The fence as a functional long-string instrument is a result of industrial mass production—something Stradivarius would have found hard to get his brain around. Despite the cultural Dark Ages that we now find ourselves in, new design for string instruments can still be found. This is a Vatilliotis tenor violin, made in Australia just three years ago. It sounds one octave lower than the standard model. Historically speaking, experimentation has always been a fundamental part of string instrument making. Within the Islamic tradition and its European offspring, there were rarely times when innovation wasn’t the modus operandi.
The creative musician in this country is always being told by those who run our culture that the great Australian public is not interested in new music—they only want to hear the tried and tested, the copy. This patronising attitude is one of the reasons why no identifiable genre such as bebop or reggae ever evolved in the modern state of Australia. Even Canada has its own fiddle tradition.
Where I’m standing now is right beside the Dingo, or Wild Dog, Fence. It’s arguably the longest man-made anything on our little planet. It stretches through three states, and as its name suggests, it was constructed and is regularly maintained to keep the Australian beef and sheep industry south of the fence dog free. Now one thing’s for sure: the guys who built this fence weren’t concerned with the theory and practice of music as they laboured away under a scorching sun. But we have to thank them, because they unwittingly designed and constructed the world’s longest string instrument.
Unbelievably flat and uninteresting …Herbert Hoover is quoted as saying, not of his own personality but of the Kalgoorlie area of Western Australia. He could have been here, at the remains of the Woomera Detention Centre. Looking out, it's bleak: flat, barren, isolated, and grey. Looking in, the fence borders a concrete floor the size of two football fields. The show has pulled out. Small canvas bags resembling pillows full of sand or dirt or hate are scattered about.
Hell for refugees who finally reach the lucky country. On closer inspection, the pillows seem to have been placed in some kind of formation. Prayer mats? That’s it—a religious ceremony has taken place quite recently, and all the devotees have been snatched up into the Islamic equivalent of rapture just like that. No time to finish the prayer.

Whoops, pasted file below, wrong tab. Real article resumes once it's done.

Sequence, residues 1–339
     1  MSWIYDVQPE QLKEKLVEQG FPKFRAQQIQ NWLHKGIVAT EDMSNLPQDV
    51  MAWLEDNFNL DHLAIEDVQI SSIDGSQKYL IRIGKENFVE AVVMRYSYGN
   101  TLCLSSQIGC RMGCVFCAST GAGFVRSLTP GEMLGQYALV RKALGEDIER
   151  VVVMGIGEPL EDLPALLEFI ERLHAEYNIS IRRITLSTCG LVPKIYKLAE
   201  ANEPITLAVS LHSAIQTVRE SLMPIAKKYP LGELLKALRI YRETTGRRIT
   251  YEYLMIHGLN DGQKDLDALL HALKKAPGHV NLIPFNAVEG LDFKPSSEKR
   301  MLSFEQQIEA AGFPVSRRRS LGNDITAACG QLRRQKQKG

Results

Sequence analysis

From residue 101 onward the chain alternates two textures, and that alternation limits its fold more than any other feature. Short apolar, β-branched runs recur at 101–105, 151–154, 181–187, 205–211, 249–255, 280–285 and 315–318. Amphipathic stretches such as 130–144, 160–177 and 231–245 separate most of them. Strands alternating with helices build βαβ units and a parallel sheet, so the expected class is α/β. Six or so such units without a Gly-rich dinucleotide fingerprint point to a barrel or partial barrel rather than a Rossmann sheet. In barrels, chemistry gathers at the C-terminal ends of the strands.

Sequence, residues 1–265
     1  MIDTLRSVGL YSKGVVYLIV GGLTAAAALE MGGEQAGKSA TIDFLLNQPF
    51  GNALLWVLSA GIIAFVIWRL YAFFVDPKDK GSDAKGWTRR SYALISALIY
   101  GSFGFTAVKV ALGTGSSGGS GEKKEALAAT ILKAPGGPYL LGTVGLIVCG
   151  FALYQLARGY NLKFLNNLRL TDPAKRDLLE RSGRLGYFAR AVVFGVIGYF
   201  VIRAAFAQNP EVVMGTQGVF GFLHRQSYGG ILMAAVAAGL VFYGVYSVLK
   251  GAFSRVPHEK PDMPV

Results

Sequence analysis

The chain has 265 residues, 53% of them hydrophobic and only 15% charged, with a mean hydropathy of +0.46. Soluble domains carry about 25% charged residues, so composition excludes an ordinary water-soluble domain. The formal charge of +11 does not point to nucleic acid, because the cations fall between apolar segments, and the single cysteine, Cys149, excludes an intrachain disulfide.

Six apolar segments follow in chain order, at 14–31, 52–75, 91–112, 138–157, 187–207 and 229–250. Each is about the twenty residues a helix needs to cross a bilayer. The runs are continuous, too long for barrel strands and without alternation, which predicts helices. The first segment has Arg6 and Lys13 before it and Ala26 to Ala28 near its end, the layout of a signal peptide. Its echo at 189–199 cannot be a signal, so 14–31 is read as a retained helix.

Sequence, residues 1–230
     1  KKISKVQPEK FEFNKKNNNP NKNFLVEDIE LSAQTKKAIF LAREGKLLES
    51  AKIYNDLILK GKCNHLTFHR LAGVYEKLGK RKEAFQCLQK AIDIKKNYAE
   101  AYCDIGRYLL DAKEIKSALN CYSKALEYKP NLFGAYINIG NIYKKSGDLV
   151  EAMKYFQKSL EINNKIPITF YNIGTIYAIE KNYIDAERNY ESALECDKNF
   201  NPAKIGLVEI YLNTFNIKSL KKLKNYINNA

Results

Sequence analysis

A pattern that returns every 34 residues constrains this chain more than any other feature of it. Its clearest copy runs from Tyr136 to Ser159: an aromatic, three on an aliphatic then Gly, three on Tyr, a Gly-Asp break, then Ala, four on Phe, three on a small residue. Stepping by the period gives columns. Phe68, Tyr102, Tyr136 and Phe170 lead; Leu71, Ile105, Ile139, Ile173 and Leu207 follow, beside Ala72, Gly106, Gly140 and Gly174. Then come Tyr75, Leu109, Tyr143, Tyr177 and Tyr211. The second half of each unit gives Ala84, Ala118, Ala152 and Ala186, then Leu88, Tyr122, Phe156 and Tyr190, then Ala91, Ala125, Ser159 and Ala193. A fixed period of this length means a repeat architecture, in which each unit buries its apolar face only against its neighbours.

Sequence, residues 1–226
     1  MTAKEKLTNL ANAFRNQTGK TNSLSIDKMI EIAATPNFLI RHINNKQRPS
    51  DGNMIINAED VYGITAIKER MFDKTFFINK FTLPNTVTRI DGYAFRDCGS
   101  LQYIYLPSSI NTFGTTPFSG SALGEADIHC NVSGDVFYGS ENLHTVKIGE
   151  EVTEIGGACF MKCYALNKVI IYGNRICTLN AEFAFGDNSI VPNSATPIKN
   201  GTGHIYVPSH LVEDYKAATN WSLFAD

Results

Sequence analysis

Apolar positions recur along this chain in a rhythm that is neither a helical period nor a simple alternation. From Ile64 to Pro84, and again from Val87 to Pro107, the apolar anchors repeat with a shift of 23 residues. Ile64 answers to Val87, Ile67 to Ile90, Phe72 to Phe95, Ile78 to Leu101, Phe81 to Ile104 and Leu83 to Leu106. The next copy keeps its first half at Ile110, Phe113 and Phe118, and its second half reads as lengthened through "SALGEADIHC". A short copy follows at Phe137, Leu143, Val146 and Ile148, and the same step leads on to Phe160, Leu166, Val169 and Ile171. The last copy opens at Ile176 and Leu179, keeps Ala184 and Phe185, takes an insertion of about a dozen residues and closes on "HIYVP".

Curious Aboriginal children flock to us as we design the where and how of our musical fence. Jon unpacks his bass bow.
He’s gonna use that stick to play the fence, says David.
You liar one, Kirin retorts.
The musical fence is three treated posts and several lengths of piano wire. The kids hang around the edges, just waiting to give the stretched wire a tug. Other than having to guard our instrument, it’s all going well—but then several women approach Jon with a concern.
You can’t play music with these. Them posts dead ones. We gotta bring ‘em back to life. We paint ‘em up.
Really? Yes, please.
Bernadette Tjingiling, Marita Sambono-Diyini and Christina Yambeing have never painted together before. Sharing a pie plate of yellow, red, green, blue, white, black, and magenta acrylics, they sit on the ground around a post and communally cover one at a time. The first has turtles, fish, snakes, and other animals climbing a pale blue post. The second features the bush yam with soft brushwork. The third is cram-full of bright flowers and dragonflies. It’s the time of year that dragonflies come out; they herald the beginning of the Dry, although they are late this year due to the weather.
There’s magic with ‘em, we’re told.
The three women work late into the night. The next day, after we perform on the fence, the kids can hardly wait to give it a good thrashing; then the painted posts get auctioned off along with the year’s best crop of paintings. Every available space on the vibrant posts celebrates some living thing.
© Australian Music Centre (2007) — Permission must be obtained from the AMC if you wish to reproduce this article either online or in print.
Hollis Taylor is a violinist and composer. Taylor's sound/video installation Great Fences of Australia, in collaboration with Jon Rose, has seen numerous international performances. Her full-length book Post Impressions: A Travel Guide for Tragic Intellectuals is based on her and Rose's 35,000 kilometre journey as cartographers making a sonic map of the great fences of Australia.